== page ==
Date of Original Version



Working Paper

Rights Management

All Rights Reserved

Abstract or Description

This paper develops and implements a semiparametric estimator for investigating, with panel data, the importance of human capital accumulation, non-separable preferences of females and child care costs on females life-cycle fertility and labor supply behaviors. It presents a model in which the agents' expectations are correlated with their future choices and provides a set of conditions under which statistical inferences are possible from a short panel. Under the assumption that observed allocations are Pareto optimal or that the utility function is quasi linear, a dynamic model of female labor supply, labor force participation and fertility decisions is estimated. In that model, experience on the job raises future wages, time spent nurturing children affects utility, while time spent off the job in the past directly affects current utility (or, indirectly through productivity in the non-market sector). This paper then uses the estimates from the model to conduct different policy simulations which shows that human capital accumulation is the most important determinant of life-cycle fertility behavior. This result is due to the nonlinearity in returns to experience and the fraction of time require for nurturing a new birth. These two effects works in opposite directions, significantly increasing the cost of having a child. The cost of having a child now is not only the foregone wages but more importantly the cost of breaking the career path of the woman when she leaves the labor force or reducing her hours worked in order to have a child. In our simulations many proposed public policies aim at increasing the fertility rate(e.g. maternity leave or free day care services) have little or no effect on the fertility rate and only result in changes in the labor-leisure trade-off. However, when we were able to compensated women for the foregone wage trajectory the fertility rate significantly increases.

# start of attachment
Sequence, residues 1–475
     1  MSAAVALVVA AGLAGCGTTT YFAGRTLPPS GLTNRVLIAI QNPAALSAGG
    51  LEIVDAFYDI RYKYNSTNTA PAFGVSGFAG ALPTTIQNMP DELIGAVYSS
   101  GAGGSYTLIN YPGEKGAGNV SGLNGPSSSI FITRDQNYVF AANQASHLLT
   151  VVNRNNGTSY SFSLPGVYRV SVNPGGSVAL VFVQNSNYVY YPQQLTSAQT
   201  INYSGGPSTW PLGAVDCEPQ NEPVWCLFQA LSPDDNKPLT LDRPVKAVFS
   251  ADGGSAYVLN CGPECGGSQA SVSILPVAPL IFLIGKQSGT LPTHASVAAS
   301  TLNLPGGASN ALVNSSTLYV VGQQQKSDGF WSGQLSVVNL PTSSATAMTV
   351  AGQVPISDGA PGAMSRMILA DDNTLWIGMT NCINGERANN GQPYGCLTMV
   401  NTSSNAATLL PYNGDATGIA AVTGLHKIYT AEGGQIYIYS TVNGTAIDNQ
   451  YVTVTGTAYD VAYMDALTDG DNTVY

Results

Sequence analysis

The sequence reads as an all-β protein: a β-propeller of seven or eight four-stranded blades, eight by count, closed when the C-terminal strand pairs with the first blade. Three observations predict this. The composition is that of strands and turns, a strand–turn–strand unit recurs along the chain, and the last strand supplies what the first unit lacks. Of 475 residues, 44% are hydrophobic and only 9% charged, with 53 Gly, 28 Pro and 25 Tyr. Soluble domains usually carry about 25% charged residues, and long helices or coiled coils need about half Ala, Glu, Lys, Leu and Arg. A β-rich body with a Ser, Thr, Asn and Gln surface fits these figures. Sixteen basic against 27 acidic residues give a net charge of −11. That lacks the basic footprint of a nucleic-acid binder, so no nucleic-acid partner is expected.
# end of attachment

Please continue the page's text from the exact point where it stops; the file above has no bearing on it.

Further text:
TSBWP 2004-E16